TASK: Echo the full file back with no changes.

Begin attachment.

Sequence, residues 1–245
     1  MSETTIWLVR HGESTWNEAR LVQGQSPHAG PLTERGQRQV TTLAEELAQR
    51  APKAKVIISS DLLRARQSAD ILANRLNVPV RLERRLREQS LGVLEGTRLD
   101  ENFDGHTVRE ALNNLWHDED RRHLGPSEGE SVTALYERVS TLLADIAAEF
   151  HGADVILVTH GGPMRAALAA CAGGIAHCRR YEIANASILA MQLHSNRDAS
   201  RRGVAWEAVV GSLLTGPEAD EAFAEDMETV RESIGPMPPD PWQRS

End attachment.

Sequence, residues 1–245
     1  MSETTIWLVR HGESTWNEAR LVQGQSPHAG PLTERGQRQV TTLAEELAQR
    51  APKAKVIISS DLLRARQSAD ILANRLNVPV RLERRLREQS LGVLEGTRLD
   101  ENFDGHTVRE ALNNLWHDED RRHLGPSEGE SVTALYERVS TLLADIAAEF
   151  HGADVILVTH GGPMRAALAA CAGGIAHCRR YEIANASILA MQLHSNRDAS
   201  RRGVAWEAVV GSLLTGPEAD EAFAEDMETV RESIGPMPPD PWQRS